“Interns are useless,” was what one of my professors told me when I went to him for some advice and guidance prior to our Fall Career Fair last year. He spoke from experience, with a considerable background in public accounting, but that was not the confidence boost that I was hoping to hear. He claimed that it was difficult to get any substantial work out of interns because of their overtime restrictions, school obligations, and inability to work on long-term projects. He believed that internships came down to the basic purpose of allowing “the firm to play with you, and you to play with the firm.” Although I may not agree with how eloquently he stated this thought, I could certainly appreciate his point. If nothing else, internships are a chance for an intern to get acquainted with the culture of a firm and to get a general impression of what it’s like to be a professional. It is also a chance to make an impression. The firm may not truly “value” the work of interns because it could probably be done more quickly and effectively by current staff. The impression made to the firm is more about the attitude displayed while completing tasks as well as the ability to comfortably communicate with coworkers and clients in a business environment. It is a chance to display what you could be capable of in the future and to test the fit of the firm for you.
With all of this in mind, I went to the Career Fair and began the process of applying for a summer internship. It was a stressful time, not made any easier when I considered how only two years earlier I had anticipated becoming a teacher for secondary English education. A lot of things had changed since then, and I was truly eager to break out of the classroom and into the business world to get a taste of what I would be doing in the not-so-distant future. I applied for several internships through my Career Services office and found that all of the interviews would be occurring in the same week. Not only that, each interview would be preceded by a dinner the evening before. All of a sudden my week became very busy, and I still had that pesky class thing to worry about with tests and all. I did survive this gauntlet! I felt that my comfort level during interviews had grown considerably. I had taken my first step and had done all I could, so it was time to wait and see if all that stress had paid off.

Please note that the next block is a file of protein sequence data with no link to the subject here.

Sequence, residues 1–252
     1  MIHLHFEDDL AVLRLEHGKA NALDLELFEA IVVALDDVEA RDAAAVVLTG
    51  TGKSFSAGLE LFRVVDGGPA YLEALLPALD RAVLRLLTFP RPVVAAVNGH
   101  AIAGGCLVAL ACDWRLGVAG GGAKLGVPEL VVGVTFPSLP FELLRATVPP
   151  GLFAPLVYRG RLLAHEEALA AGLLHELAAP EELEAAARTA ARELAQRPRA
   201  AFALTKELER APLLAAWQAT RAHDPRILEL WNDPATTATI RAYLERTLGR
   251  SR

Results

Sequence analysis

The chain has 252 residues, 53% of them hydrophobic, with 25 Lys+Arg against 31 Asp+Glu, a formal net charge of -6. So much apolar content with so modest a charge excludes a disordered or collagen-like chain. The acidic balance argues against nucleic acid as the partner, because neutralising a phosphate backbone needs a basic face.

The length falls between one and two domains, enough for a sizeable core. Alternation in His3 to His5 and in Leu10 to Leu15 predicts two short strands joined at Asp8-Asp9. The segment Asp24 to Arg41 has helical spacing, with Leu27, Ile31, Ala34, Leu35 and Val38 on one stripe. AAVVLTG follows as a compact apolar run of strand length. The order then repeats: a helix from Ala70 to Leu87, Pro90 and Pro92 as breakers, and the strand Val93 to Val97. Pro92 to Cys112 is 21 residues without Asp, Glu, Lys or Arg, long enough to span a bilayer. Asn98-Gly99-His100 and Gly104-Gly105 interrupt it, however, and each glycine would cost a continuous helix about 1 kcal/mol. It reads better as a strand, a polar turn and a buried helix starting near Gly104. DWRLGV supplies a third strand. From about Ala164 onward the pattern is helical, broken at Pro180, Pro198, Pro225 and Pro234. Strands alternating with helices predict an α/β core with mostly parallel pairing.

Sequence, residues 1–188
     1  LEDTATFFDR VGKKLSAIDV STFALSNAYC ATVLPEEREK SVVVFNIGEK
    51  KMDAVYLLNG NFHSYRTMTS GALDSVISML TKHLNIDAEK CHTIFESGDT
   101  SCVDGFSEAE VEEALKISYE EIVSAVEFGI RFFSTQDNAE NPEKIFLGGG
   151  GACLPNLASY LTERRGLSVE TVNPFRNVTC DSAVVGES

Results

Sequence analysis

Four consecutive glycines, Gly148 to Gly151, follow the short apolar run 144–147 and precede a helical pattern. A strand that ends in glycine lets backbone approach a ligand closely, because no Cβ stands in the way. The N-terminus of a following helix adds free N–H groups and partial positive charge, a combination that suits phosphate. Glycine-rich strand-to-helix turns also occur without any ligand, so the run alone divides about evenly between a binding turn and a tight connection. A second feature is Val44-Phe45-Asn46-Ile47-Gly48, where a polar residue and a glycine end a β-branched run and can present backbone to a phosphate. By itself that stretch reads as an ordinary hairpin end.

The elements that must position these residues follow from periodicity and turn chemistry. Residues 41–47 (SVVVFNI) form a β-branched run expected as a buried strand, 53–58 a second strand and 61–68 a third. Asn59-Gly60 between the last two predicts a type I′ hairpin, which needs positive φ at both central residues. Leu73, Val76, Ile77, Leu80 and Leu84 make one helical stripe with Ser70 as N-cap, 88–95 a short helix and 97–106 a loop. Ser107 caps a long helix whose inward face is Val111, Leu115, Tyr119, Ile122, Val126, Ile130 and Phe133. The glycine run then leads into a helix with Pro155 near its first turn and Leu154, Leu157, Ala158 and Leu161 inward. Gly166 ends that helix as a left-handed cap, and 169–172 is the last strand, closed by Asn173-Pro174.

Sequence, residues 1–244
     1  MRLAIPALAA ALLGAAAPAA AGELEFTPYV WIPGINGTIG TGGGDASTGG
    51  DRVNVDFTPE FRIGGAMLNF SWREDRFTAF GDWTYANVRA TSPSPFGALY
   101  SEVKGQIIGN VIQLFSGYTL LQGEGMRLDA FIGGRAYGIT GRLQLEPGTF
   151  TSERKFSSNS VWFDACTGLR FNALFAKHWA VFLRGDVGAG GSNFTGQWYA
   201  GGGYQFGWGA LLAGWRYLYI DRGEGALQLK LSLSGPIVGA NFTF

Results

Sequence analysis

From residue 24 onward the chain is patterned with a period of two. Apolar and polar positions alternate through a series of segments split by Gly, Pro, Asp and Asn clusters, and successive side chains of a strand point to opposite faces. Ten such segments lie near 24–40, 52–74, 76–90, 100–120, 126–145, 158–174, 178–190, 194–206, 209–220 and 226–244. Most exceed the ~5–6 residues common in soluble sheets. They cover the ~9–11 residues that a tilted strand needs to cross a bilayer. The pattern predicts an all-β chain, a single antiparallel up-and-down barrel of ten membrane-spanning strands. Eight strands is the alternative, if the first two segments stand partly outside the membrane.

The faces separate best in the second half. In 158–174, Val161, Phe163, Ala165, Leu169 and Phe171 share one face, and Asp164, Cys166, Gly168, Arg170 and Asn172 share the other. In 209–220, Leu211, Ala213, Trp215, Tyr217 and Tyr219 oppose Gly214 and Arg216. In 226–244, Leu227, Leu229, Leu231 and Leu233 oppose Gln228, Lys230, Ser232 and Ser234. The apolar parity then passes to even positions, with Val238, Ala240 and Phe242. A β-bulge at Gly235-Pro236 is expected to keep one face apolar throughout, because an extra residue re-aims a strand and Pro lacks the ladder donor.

To my great relief, these efforts were rewarded, and I accepted the offer to intern with Schneider Downs. I anxiously awaited my start date with the firm throughout the spring, and now I am nearly finished with the internship itself. With my undergrad and graduation behind me and one year remaining for my Master’s at Duquesne University ahead, I have received some great experience this summer at Schneider Downs. Equally as important, I have met numerous new people who have helped me get my feet wet in the world of public accounting. What my professor said about interns being useless may or may not be true (I won’t be the judge of that), but there is no denying the potential value that an internship can contain, and I am excited to say that I have learned much and enjoyed being a part of Schneider Downs this summer.
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